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July 14, 2015

Tell Your Senator that Expanded Federal
Pre-Kindergarten is Not the Answer!

Andrew Mullins,
Deputy Director of Federal Relations

Andrew MullinsAndrew Mullins has been deputy director of federal relations since 2014.

Call your two U.S. senators now and ask them to oppose Sen. Bob Casey’s “Strong Start” amendment. Encourage them to vote against expansive government involvement in pre-kindergarten programs.

You can reach your senators by calling the Capitol Switchboard at (202) 224-3121 and asking for them by name. You can also use HSLDA’s legislative toolbox to find your U.S. senators and their contact information.

Background: ESEA Reauthorization

July heat isn’t the only thing warming up Washington, D.C. this summer. As Congress decides whether to reauthorize the Elementary and Secondary Education Act of 1965 (ESEA), debate on this 800-page education bill has ranged from provisions surrounding the controversial Common Core State Standards to the inclusion of the “A-PLUS” amendment.

The House passed its version of the ESEA reauthorization (The Student Success Act) last week. Now legislators on both sides of the aisle are focused on adding amendments to the Senate’s version of the ESEA reauthorization (known as the Every Child Achieves Act).

Homeschoolers are exempt from the provisions of both the House and Senate versions of the ESEA reauthorization. Nevertheless, amendments that seek to increase government involvement in preschool education still pose a threat to homeschool rights.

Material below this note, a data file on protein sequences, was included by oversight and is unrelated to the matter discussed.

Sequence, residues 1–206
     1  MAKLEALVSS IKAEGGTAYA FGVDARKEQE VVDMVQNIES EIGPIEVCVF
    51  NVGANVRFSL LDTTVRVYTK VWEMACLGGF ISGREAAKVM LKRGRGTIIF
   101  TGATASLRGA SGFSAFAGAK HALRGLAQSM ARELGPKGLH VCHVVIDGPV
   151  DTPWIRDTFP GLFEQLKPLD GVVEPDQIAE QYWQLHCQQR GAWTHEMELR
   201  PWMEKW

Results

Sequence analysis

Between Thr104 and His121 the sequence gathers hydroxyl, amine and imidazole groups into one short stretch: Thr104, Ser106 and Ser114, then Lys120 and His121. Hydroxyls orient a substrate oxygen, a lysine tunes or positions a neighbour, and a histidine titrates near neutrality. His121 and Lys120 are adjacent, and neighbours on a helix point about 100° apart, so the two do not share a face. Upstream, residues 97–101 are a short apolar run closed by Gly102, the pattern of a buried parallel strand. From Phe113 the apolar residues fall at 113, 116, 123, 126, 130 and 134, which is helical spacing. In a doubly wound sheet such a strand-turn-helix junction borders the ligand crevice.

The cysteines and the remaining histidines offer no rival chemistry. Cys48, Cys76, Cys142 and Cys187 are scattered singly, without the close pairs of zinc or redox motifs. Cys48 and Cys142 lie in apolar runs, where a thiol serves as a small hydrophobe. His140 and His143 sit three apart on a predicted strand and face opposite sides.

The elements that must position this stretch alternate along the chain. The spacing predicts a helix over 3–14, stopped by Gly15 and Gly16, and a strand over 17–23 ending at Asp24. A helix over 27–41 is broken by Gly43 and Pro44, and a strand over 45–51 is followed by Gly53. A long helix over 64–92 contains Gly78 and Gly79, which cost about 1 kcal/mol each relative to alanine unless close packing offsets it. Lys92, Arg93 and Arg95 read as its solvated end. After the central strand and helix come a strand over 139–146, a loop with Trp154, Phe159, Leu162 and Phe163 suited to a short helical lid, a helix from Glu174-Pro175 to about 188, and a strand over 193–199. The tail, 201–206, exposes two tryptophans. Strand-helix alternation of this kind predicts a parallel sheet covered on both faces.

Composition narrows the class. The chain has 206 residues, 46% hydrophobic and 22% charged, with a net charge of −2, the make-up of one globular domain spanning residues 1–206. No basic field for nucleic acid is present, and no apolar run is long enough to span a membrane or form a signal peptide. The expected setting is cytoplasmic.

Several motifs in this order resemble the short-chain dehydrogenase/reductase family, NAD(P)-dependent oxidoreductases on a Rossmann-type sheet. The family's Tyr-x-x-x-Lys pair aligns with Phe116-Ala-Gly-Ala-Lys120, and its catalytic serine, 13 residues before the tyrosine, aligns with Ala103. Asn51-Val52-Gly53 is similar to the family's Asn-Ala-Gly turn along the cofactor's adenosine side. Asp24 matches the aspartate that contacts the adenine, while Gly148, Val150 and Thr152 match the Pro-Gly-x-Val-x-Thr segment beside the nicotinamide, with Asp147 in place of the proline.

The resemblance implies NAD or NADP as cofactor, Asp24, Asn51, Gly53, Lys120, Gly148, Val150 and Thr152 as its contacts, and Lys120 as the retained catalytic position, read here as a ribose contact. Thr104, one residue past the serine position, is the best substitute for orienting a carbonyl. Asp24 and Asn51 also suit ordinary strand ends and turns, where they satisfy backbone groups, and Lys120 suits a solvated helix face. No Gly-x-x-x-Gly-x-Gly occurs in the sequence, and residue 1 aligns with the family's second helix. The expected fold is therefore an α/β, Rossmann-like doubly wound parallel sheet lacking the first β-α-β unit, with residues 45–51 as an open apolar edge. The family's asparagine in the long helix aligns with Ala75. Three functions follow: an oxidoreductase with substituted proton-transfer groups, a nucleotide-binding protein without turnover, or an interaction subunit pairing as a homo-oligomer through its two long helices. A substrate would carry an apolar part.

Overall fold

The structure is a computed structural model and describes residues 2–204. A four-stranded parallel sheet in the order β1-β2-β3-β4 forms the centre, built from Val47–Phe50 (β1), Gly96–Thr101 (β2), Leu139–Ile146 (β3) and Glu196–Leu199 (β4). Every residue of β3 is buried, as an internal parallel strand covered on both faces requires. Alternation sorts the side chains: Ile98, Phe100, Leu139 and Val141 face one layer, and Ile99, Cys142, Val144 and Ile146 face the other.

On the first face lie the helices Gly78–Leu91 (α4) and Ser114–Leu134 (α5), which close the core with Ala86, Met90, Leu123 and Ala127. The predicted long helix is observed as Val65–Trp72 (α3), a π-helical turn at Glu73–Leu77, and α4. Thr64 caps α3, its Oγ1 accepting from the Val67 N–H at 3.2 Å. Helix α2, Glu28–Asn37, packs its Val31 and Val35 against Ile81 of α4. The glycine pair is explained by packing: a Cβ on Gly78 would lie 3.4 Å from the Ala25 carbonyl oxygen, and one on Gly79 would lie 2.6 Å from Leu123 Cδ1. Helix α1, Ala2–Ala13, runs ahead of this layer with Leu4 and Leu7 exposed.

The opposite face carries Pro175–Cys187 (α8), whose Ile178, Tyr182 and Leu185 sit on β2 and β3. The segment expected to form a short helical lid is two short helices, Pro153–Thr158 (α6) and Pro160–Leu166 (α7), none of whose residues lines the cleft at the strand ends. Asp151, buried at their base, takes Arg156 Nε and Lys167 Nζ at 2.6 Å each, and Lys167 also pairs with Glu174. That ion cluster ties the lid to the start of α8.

Attempts to Expand Federal Involvement in Pre-Kindergarten

The Strong Start for America’s Children Act, an amendment proposed by Sen. Bob Casey of Pennsylvania, seeks to fix failures in America’s school systems with exactly the wrong solution—increasing the federal government’s role in pre-kindergarten programs.

The amendment’s stated purpose is “to promote access to high-quality kindergarten and high-quality early childhood education programs and settings for children.” But it intends to do this by pressuring the states to increase enrollment in preschool and kindergarten programs.

Such an approach ignores the fact that parents are best equipped to educate their children when they are kept free from burdensome regulations. By incentivizing state adoption of early education programs, parents will be pressured to turn over the education of their youngest children to expansive federal pre-kindergarten programs. This pressure to increase enrollment in early education programs will spill over into homeschool rights, and will make it harder for parents to teach their kids at home without government interference.

The immediate impact of this amendment on homeschoolers could range from Common Core-like provisions that collect data on young students to state legislative efforts that seek to reduce the compulsory attendance age to 4 or younger.

Now is the time for you to get involved. As the Senate continues to debate the ESEA reauthorization, call your senator and voice your concerns about expansive pre-kindergarten spending. For more information about HSLDA’s position on the Every Child Achieves Act, visit our bill page.

If you have any questions, please contact us at or call us at 540-338-5600

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